By the way, if you voted on the last Vintage 911, thank you so much. I believe I'll be leaving the sleeves on the dress. I appreciate your input!
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Tuesday, March 20, 2012

DIY: The Scarf Blouse

In my newly completed Scarf Blouse. Or slouse. Maybe blarf. Whichever you prefer.
So I have this new habit. Whenever I experience a craft failure/disappointment/disaster-of-epic-proportions, my new thing is to step away, calmly, and leave the scene of the crime. From there I usually wallow around with a bar of dark chocolate, a cup of tea and maybe a cookie or three and find another craft to attempt. I find this really helps me get over the frustration of time lost and effort spent. And, sometimes, helps me come back to the mess with fresh eyes and new ideas. Even if that idea is, "craft project, meet trash can."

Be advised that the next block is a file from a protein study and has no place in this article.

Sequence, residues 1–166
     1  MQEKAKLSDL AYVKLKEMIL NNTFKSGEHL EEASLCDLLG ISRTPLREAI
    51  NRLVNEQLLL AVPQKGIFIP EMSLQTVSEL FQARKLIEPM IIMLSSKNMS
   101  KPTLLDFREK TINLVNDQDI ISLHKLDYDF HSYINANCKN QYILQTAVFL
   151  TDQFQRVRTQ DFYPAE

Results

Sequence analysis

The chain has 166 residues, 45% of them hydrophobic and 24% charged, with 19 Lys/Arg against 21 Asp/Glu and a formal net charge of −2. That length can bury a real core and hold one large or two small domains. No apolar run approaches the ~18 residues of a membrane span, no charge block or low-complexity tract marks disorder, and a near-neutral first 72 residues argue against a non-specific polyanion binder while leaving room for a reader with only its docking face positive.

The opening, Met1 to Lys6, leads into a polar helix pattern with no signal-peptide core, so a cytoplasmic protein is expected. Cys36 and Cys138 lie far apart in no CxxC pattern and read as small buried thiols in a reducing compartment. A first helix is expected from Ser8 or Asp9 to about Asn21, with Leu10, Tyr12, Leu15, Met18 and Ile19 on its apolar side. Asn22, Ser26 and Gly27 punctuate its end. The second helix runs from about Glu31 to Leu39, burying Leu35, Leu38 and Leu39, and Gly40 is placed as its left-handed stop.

I snagged this sweet little scarf-to-blouse pamphlet during a recent thrifting adventure. I quickly learned that the 20-30 minute bit was just false advertisement.
Which is how this Slouse was born. This little pamphlet had been sitting on my sewing table for ages. So, after a recent craftastrophe, I decided to give it a shot. One of the first things I began collecting in high school were vintage scarves. I loved the patterns, the texture of the silk and the fact that they were cheap. In college I went through a period where I wore them 1950's style around my neck. These days my collection just sits on my sewing room shelf.